91BeZwEOI6L._SS500_If you’ve seen singer-songwriter Luke O’Shea perform you’ll know he’s a very funny man with a good line in dry wit, and self-deprecation where appropriate. You’ll also know he’s able to balance telling funny stories with bringing heartfelt, intelligent songs to his audience. Last year he met his match in Lyn Bowtell, who is not only one of the most majestic performers in Australia, if not the world, but who manages the same balance as O’Shea. It’s therefore no surprise, or mystery, that Bowtell appears on three songs on O’Shea’s new album, There in the Ochre. What is perhaps a surprise is that with a presence as strong as Bowtell’s, the songs are firmly O’Shea’s. That’s because at this stage of his career, five albums in and with Golden Guitars behind him, O’Shea is a force – of nature, for good, however you’d like to phrase it.

There in the Ochre is described as a celebration of Australian history and stories, but it’s also a reckoning. The core of the album is ‘Happy Australia Day’, which features beloved singer-songwriter Kevin Bennett. O’Shea does not resile from the very difficult parts of our history, one of which is the date of the national day. His lyrics are as thoughtful, as always, and they’re also thought provoking. O’Shea is passionate and emotional in his song, and it’s a clue as to the range he explores on the rest of the album. O’Shea’s experience as a teacher no doubt informs how he writes a song like this, but the song is in no way heavy handed  because it comes from the heart and there is fire rather than zealotry behind it. O’Shea is a voice of conscience, and of consciousness.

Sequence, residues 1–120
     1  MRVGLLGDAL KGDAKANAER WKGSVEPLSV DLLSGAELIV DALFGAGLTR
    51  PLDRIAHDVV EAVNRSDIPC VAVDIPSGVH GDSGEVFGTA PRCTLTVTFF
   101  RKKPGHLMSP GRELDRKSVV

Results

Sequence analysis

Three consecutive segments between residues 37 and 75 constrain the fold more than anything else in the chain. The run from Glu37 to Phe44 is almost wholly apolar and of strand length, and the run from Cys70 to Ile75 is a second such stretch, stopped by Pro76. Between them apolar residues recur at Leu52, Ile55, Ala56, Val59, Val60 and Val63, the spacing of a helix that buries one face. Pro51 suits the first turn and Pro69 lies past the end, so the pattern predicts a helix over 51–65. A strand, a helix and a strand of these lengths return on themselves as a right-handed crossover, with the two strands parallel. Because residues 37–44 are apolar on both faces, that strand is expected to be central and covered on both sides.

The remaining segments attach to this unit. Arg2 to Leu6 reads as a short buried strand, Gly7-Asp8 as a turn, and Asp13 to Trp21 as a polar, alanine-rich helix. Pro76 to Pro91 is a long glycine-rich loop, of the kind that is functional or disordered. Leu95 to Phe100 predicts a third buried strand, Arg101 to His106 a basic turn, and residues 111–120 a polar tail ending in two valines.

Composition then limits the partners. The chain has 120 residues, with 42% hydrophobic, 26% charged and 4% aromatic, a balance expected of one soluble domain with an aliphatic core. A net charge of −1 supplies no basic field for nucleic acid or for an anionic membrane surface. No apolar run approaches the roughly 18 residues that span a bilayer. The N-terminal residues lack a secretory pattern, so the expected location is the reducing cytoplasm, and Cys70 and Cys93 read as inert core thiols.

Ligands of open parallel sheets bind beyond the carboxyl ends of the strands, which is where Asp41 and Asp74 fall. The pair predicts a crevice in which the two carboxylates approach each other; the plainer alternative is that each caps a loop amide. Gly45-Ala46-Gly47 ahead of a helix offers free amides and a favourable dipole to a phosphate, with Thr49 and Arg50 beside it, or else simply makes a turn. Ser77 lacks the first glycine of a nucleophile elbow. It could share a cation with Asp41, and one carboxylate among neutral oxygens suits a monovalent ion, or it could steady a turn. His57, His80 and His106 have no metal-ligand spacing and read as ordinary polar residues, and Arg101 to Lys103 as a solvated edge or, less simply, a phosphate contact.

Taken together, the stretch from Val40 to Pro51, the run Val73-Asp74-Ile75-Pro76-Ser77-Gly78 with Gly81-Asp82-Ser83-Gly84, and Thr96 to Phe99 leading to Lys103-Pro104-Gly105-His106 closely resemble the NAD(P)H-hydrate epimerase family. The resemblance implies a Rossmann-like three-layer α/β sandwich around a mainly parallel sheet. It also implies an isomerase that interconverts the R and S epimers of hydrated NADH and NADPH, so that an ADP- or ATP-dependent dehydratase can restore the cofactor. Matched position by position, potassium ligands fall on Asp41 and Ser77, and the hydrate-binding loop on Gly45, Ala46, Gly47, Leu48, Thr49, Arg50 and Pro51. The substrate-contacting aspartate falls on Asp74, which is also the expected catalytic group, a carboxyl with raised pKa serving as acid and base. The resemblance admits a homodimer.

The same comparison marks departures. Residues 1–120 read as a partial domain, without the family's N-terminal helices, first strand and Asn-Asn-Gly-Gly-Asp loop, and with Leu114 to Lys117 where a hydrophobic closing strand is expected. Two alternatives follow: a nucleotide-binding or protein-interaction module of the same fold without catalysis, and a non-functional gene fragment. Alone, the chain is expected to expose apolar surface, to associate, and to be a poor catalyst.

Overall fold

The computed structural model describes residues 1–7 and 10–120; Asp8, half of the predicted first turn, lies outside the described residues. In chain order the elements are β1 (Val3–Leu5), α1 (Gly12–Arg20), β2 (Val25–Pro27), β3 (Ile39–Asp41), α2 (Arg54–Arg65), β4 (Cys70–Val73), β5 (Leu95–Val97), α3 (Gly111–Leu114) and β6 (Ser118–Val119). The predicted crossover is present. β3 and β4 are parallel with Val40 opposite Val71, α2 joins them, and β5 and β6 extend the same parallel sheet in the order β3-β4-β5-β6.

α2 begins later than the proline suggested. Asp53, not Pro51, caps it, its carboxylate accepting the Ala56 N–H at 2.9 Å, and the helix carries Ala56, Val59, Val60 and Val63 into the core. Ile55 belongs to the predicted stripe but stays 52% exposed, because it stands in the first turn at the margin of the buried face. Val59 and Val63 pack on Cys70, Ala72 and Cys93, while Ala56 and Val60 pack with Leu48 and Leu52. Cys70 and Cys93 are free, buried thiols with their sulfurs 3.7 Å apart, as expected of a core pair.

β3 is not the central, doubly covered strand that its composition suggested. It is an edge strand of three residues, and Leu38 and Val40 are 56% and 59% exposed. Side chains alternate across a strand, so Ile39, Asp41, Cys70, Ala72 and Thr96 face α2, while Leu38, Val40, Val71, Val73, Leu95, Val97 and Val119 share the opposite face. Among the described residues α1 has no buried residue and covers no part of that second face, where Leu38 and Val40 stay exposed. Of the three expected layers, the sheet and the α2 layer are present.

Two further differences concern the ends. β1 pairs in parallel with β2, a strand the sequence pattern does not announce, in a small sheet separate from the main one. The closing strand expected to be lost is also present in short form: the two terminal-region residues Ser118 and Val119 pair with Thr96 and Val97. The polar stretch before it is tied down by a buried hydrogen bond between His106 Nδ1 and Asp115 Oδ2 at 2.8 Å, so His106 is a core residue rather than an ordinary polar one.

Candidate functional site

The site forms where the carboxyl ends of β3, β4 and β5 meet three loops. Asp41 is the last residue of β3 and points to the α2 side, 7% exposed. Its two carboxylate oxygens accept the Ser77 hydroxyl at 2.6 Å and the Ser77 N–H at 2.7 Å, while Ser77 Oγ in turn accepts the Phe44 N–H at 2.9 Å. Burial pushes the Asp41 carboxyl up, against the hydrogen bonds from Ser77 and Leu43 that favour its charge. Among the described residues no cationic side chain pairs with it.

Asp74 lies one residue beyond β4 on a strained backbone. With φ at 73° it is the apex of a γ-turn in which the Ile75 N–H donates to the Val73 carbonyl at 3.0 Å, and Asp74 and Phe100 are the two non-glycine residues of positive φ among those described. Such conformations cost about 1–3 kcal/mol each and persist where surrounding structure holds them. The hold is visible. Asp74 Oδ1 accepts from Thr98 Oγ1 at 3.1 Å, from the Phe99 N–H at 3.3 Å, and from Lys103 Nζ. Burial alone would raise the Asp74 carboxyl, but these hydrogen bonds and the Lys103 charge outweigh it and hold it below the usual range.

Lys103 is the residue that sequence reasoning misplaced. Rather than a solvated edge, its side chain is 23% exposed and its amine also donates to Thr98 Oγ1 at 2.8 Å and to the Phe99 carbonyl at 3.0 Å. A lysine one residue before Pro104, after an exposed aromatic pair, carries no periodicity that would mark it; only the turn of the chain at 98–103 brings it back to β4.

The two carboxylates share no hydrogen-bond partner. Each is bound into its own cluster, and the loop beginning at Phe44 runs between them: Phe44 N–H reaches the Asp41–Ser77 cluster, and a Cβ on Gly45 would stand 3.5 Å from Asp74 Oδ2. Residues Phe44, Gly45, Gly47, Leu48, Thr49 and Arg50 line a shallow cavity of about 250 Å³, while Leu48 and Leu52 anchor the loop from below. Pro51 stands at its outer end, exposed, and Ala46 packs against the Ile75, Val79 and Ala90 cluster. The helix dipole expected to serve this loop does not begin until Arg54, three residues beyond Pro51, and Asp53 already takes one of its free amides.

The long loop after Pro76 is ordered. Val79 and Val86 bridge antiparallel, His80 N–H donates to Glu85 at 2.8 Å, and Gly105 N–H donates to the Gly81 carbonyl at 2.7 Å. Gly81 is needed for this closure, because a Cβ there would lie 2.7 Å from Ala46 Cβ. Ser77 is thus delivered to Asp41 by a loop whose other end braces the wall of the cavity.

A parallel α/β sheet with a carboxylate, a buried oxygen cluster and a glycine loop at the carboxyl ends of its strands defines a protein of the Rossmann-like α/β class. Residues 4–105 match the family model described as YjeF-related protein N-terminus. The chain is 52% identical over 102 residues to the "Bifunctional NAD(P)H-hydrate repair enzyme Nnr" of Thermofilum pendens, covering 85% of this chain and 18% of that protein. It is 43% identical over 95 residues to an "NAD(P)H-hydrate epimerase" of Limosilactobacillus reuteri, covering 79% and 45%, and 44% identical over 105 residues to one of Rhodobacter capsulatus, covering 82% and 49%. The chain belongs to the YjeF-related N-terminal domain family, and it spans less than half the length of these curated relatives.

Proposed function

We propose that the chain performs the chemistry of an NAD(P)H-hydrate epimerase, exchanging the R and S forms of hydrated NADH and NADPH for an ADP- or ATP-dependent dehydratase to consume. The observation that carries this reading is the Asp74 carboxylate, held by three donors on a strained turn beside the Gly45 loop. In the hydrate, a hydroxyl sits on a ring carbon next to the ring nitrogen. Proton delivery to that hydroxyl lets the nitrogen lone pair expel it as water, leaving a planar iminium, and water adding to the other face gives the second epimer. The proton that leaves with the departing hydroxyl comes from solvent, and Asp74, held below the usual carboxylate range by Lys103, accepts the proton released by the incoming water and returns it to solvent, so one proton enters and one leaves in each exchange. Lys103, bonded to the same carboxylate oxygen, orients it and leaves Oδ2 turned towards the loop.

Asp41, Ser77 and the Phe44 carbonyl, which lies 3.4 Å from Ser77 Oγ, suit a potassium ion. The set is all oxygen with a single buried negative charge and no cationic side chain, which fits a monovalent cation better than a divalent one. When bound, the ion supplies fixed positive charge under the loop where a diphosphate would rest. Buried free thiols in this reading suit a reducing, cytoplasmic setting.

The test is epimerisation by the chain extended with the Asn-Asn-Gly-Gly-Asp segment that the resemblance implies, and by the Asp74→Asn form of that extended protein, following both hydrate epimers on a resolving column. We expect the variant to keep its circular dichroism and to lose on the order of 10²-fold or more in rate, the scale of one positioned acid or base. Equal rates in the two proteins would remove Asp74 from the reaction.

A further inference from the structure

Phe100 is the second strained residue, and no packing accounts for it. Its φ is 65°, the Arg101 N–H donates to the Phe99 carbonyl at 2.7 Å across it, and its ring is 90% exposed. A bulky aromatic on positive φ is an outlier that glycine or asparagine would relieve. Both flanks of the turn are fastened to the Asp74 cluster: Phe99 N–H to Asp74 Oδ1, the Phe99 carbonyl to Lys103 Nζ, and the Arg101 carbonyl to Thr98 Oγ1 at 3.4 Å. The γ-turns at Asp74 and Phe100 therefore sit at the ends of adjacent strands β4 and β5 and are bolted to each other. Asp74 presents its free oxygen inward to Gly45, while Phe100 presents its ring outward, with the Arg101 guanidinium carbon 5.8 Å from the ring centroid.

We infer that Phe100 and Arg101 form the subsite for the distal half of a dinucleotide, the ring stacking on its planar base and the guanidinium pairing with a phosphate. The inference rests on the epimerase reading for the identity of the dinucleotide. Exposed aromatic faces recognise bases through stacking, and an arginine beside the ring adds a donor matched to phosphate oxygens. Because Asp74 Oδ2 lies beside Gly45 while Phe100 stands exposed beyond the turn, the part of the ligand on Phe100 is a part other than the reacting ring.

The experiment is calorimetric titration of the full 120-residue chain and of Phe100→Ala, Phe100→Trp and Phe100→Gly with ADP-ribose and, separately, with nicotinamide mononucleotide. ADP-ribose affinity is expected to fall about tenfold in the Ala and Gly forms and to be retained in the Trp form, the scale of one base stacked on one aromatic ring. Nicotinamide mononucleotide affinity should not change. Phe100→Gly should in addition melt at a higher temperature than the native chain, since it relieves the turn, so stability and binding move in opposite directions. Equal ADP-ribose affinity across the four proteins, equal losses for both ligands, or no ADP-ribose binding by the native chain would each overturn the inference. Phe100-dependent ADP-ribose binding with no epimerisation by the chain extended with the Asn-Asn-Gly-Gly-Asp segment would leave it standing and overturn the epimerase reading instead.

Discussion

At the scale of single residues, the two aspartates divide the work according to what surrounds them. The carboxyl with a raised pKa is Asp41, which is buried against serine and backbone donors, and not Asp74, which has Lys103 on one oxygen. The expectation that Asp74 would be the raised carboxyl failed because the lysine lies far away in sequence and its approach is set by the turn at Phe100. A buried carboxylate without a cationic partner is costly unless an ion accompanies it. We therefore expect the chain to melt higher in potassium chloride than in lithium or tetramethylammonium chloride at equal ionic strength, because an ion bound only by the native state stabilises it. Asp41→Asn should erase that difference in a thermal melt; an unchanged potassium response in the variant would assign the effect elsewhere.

Fundamentally, this an album about love: for country, for people, for close relationships (‘Firewood’, ‘Last Line on Your List’, ‘Where You Go’), for life. It’s an album about difficulties, too, but love and recognition and acknowledgement are woven through these (‘Coastal Town’, ‘Open Cut’). The outstanding Ashleigh Dallas appears, in addition to Bowtell and Bennett. There’s not a song on here that hasn’t been created with love and care, and it’s something the listener can detect immediately, and even more on repeat listenings, because that love and care is there for us. O’Shea the teacher is also a great communicator, and the best compliment we can pay him is the one he pays us: offering his time and attention, so that we can all be enriched by the experience.